As part of the Children’s Week activities, First Focus co-hosted a webinar on Thursday, June 18, 2020, with the National Academies of Sciences, Engineering and Medicine, and the Century Foundation to address how the COVID-19 pandemic has exacerbated conditions for millions of children and families.

CWLA President & CEO Christine James-Brown was one of the featured panelists. The webinar included a discussion on how to address urgent threats to children and our stubbornly high child poverty rates. Panelists discussed policies and programs that could significantly reduce child poverty in America.

In addition to CWLA President James-Brown, who was a member of the National Academies Study that produced A Roadmap to Reducing Child Poverty, other virtual panelist included Jeff Madrick, Director of the Bernard L. Schwartz Rediscovering Government Initiative and author of Invisible Americans, and two other members of the National Academies of Sciences committee, Greg Duncan andAcevedo-Garcia. The discussion was moderated by First Focus on Children’s Vice President of Family Economics, Cara Baldari.

Even before the COVID-19 pandemic child poverty was a moral crisis in the U.S. This pandemic and resulting economic crisis have served to expose and exacerbate inequities in our society. According to Columbia University research, child poverty could rise by as much as 53 percent as a result of COVID. Many of the solutions needed to address increases in child poverty due to the pandemic were necessary before coronavirus.

“Child poverty hurts us all, not only the children,” stated Madrick. Children in America have been in a precarious position long before the pandemic began. And that “money matters; it reduces poverty. “The National Academies report details how child poverty impacts minorities disproportionately and that child poverty cuts not only across poverty line and class lines but across racial and economic power.

In 2019, the National Academy released A Roadmap to Reducing Child Poverty, a non-partisan, evidence-based study that models a set of policy and program changes, that if implemented, would cut our child poverty rate in half within a decade. The policies in this roadmap, such as establishing a national monthly child allowance program, increasing SNAP benefits, housing vouchers, and other proven solutions, would ensure that families have the resources needed to support their children’s healthy development and support their long-term success.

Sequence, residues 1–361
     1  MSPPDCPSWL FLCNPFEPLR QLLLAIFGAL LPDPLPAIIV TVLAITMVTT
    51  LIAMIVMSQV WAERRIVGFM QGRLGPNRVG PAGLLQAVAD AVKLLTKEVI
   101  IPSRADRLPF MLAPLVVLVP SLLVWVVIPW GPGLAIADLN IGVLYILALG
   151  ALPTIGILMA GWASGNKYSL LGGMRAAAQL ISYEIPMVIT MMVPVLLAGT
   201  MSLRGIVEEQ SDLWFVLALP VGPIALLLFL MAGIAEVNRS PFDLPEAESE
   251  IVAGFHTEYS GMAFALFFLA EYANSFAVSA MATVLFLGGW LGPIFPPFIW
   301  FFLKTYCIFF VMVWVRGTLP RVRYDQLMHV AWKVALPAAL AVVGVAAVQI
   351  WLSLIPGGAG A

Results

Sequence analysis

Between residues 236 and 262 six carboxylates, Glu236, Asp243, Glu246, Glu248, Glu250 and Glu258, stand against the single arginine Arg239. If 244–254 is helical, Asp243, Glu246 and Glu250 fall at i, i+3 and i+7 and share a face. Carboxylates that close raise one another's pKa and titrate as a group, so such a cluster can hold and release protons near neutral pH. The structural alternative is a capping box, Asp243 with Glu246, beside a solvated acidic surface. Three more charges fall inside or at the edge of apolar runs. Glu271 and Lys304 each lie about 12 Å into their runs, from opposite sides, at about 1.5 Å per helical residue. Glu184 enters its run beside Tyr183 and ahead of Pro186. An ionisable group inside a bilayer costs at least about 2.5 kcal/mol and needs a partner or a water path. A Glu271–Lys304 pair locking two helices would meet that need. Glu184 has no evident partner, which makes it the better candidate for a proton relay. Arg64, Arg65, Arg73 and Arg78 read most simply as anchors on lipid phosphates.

The commissioners of the report were focused on short-term kinds of programs, not intergenerational programs, stated Acevedo-Garcia. The weight of evidence that federal programs addressing poverty have beneficial impacts on kids and these safety nets reduce child poverty. Employment related programs like expanding the earned income tax credit (EITC) and others poverty-reduction measures tended to have a positive impact on unemployment while expanding the SNAP (formerly food stamp program) had a more substantial reduction in child poverty. The National Academy report ultimately resulted in thinking about the benefit of packages for reducing child poverty.

The gaps in child poverty are discussed in the report including that poverty rates being much higher among Hispanic and black children. Today, Hispanic children are the largest group of children in poverty, stated Acevedo-Garcia. And the unemployment rate is nearly 19 percent today compared to 15 percent in April. She remarked that some of the solutions that were analyzed before the pandemic could work in the present situation.

This pandemic has illustrated the significance of looking at the contextual factors that would influence the ability of [safety net] programs to work for all children and families, according to Christine James-Brown. She discussed the ability to access programs and services, racial discrimination, treatment of those with criminal records, and positive neighborhood conditions as contextual factors that were outlined in the report and apparent during the pandemic as critically important.

The child allowance is a measure that can get the poverty down quickly, stated Madrick. “Cash can cover a lot of situations, and if you have more cash, it reduces stress for the family.” Cash is a significant factor when considering housing, neighborhood occupancy, and schooling for families remarked Madrick. And research shows that parents with a child allowance spend the money on their kids to improve their lives. The coronavirus is clobbering poor kids according to Madrick, and for a nation as rich as the U.S., we cannot tolerate neglecting or discarding 15 to 25 percent of our population. Christine emphasized that more money is important for families, but so is good health because poor living conditions and discrimination are resulting in negative impacts on children. “Somehow, this country has to learn how to walk and chew gum at the same time,” stated James-Brown, like addressing racism and poverty in America.

As a country that underestimates child poverty, the Committee was directed to use a supplemental poverty measure, which compared to the official poverty includes noncash sources of income, remarked Duncan. The benchmark for the study included the supplemental poverty measure. Counting child poverty is very important, and the report provided multiple social policy services and programs to consider for reducing child poverty by half in 10 years.